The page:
History of Y Lolfa

The first book published by Y Lolfa, Hyfryd Iawn by Eirwyn Pontshân

Y Lolfa was established in the mid-sixties, an exciting period of fun and protest when a young Welsh generation believed in the power of revolution and wanted to extend the language to every part of life. Welsh books were, at the time, fairly dull and it was an integral part of Y Lolfa’s vision to create a new kind of publishing that would be lively and challenging – from cards and posters to books.

The company evolved gradually, producing an ever widening range of popular books in both Welsh and English – including a range of books for learners. The company acted as unofficial printers to the new, activist Welsh Language Society, while also producing its own irreverent brand of popular and political material, including the satirical magazine Lol (meaning 'fun' or 'nonsense'), from which the company's name was derived. But the company’s priority, as it remains today, was to inspire Welsh creativity.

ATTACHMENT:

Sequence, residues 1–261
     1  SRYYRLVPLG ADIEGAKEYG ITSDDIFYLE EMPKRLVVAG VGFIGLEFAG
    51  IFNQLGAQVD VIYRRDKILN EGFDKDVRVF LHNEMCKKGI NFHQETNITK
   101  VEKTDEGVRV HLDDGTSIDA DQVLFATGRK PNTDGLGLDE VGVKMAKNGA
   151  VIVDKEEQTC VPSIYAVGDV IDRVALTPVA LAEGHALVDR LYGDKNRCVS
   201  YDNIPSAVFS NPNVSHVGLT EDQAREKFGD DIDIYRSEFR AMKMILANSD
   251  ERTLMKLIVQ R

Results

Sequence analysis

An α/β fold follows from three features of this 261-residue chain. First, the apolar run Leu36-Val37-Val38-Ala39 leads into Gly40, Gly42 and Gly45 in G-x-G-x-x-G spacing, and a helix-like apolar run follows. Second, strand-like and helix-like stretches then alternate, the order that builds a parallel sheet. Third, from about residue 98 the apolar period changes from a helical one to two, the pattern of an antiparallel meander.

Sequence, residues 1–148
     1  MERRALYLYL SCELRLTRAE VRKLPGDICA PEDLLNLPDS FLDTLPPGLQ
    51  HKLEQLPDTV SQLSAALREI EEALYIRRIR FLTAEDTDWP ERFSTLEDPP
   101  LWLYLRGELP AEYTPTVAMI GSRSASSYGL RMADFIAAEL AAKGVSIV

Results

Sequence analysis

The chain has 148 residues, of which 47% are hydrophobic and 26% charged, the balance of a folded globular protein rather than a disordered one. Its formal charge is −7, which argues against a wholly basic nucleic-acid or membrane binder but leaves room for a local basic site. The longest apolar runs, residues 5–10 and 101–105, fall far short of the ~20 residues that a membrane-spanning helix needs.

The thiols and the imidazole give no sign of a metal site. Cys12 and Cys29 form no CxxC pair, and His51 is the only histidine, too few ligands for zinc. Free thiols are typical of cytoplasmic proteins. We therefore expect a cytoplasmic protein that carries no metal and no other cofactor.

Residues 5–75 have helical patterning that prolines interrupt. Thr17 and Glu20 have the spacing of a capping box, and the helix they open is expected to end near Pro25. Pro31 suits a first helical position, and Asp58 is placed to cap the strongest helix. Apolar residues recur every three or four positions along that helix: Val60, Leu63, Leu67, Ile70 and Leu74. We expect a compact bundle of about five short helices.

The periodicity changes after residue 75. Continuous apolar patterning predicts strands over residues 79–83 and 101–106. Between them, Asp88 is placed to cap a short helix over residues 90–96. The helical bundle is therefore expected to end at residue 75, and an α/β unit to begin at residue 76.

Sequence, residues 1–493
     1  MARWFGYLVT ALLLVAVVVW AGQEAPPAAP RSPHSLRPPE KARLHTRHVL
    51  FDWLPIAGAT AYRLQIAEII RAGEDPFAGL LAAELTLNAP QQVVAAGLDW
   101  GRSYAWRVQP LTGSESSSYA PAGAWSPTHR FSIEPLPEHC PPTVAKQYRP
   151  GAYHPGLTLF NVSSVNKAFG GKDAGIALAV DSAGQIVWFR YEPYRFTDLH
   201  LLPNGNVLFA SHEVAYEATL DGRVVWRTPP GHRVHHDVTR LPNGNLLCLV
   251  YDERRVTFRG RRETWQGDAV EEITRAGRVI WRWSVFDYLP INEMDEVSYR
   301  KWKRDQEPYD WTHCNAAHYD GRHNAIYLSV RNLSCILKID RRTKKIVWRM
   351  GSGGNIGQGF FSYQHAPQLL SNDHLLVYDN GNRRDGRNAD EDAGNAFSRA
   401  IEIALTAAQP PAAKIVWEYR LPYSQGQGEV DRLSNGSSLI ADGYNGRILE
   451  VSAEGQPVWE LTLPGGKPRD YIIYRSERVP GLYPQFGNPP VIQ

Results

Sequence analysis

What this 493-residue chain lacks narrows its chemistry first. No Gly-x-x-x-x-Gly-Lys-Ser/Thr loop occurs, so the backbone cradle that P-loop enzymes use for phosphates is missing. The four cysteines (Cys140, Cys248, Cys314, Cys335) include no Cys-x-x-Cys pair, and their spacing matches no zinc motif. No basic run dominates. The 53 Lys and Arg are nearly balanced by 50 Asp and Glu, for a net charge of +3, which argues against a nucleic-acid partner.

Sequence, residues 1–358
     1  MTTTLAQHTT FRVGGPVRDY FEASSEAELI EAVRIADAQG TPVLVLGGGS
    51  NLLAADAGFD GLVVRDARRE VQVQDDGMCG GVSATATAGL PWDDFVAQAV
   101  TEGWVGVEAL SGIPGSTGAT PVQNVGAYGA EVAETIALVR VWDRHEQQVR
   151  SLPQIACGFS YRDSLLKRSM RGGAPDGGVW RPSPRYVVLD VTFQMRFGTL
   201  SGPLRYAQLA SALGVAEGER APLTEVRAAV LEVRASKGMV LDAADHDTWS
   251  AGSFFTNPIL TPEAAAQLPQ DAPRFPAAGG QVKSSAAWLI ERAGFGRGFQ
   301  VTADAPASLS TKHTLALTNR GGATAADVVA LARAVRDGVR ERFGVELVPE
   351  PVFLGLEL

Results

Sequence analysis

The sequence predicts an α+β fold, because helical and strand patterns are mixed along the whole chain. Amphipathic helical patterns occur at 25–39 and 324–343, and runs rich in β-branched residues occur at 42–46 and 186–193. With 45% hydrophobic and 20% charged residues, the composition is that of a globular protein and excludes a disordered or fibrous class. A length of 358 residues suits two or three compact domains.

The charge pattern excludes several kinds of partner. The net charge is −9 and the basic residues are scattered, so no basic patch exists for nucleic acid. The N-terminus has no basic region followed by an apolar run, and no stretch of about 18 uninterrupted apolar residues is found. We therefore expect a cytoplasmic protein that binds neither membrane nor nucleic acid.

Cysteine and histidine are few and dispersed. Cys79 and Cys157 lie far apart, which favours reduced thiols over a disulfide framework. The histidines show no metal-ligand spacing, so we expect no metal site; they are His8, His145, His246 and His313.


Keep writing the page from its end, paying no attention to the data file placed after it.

Y Lolfa has always embraced new technologies. In the sixties it revelled the artistic freedom offered by photo-litho and in the nineties welcomed the digital revolution and was the first Welsh publishing company to have a website. Y Lolfa now has five-colour and perfector presses with half its turnover coming from commercial print work.

Browse our website to see the great range of books that flow from our printers today. In a world dominated by large corporations and bureaucracies, Y Lolfa believes that 'small is beautiful' in publishing as in life. It was Andre Gide who said, "I like small numbers. I like small nations. The world will be saved by the few."